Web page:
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R. A. Fisher, Scientific Method, and the Tower of Babel, Pt. 2 February 9, 2013

Posted by Will Thomas in Uncategorized.
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Pieter Bruegel the Elder, Tower of Babel (1563)

Pieter Bruegel the Elder, Tower of Babel (1563)

In his 1932 lecture, “The Bearing of Genetics on Theories of Evolution,” R. A. Fisher compared the fissures between different scientific techniques to God’s confounding of languages in the Biblical legend of the Tower of Babel. If the fissures in scientific method were assumed to hold the construction of an “edifice” of scientific knowledge back, much as the division of language prevented the construction of the Tower of Babel, then the obvious question was how method could be reunited. According to Fisher,

If we were to ask … what universal language could enable men of science to understand each other sufficiently well for effective co-operation, I submit that there can be only one answer. If we could select a group of men of science, completely purge their minds of all knowledge of language, and allow them time to develop the means of conveying to one another their scientific ideas, I have no doubt whatever that the only successful medium they could devise would be that ancient system of logic and deductive reasoning first perfected by the Greeks, and which we know as Mathematics.

As we saw in Part 1, the bulk of Fisher’s statistical theorization was dedicated to the problem of inductive reasoning, that is, the development of defined conclusions from well-structured observations. But it is clear that Fisher also valued deductive uses of mathematics, because it permitted different observational conclusions to be related to each other through a fully coherent language. It is just not clear what he understood the epistemological status or function of deductive knowledge to be.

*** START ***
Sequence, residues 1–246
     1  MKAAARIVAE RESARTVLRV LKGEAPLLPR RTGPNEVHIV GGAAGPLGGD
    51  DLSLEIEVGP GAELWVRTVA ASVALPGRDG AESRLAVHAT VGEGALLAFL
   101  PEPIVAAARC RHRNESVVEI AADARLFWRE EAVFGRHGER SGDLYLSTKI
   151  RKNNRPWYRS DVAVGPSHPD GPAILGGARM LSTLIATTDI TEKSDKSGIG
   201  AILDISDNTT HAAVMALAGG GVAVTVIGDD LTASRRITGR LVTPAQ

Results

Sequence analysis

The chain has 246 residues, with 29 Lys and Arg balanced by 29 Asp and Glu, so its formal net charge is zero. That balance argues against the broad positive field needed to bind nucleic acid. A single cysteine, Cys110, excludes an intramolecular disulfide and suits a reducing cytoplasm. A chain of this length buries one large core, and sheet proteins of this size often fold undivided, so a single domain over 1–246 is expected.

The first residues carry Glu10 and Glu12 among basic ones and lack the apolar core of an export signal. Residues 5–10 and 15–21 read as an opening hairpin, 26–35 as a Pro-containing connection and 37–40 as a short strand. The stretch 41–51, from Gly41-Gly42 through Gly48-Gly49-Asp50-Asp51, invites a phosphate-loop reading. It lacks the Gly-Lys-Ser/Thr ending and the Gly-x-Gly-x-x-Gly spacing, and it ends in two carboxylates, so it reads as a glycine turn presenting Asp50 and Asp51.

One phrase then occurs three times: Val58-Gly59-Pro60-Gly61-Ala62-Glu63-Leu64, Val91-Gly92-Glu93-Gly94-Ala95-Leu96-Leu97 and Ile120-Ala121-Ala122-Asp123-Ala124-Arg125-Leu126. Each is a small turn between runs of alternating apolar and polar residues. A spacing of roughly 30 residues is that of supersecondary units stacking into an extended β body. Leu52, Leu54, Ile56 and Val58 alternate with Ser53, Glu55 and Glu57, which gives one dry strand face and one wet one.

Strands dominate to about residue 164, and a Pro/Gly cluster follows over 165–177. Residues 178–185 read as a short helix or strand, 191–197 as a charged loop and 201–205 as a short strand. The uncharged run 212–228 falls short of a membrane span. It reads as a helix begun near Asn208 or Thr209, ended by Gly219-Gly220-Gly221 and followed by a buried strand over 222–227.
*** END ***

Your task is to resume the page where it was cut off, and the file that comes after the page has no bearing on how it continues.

History as Font of Lessons (Isis, Pt. 3) July 25, 2008

Posted by Will Thomas in Uncategorized.
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Santayana, yadda, yadda… This afternoon I’m going to write about Andrew Hamilton and Quentin Wheeler’s “Taxonomy and Why History of Science Matters for Science: A Case Study”, which derives lessons from the history of numerical taxonomy (phenetics) for the future of DNA bar-coding. I wasn’t aware of phenetics, which seems to have been a mid-century attempt to measure living things and then group them without recourse to any overarching theory. This has intriguing parallels to the mathematics of the Bourbaki collective that I won’t go into (and don’t actually know much about), but I just wanted to throw that out there. The big point here is that the phenetics movement precipitously collapsed after its haphazard data-collecting failed to produce a believable taxonomy, and the authors argue that the same could happen to DNA bar-coding, which uses DNA arrangements to draw relationships between different organisms.

The first point I’d like to address is the use of the lesson from history. In my first post in this series, I discussed the use of history by filmmakers. Here I’m more reminded of the constant use of history in politics, which is notoriously dicey in its deployment of analogies with past events. Here in America we’re being subjected to fairly sophisticated historical analyses on a daily basis as the Presidential campaign goes forward. Inevitably, we learn why the strategies being deployed are similar to Reagan vs. Carter in 1980 or Nixon vs. Kennedy in 1960, and so on… I think, as with filmmakers using history, this is both inevitable and healthy, but there’s a difference. (more…)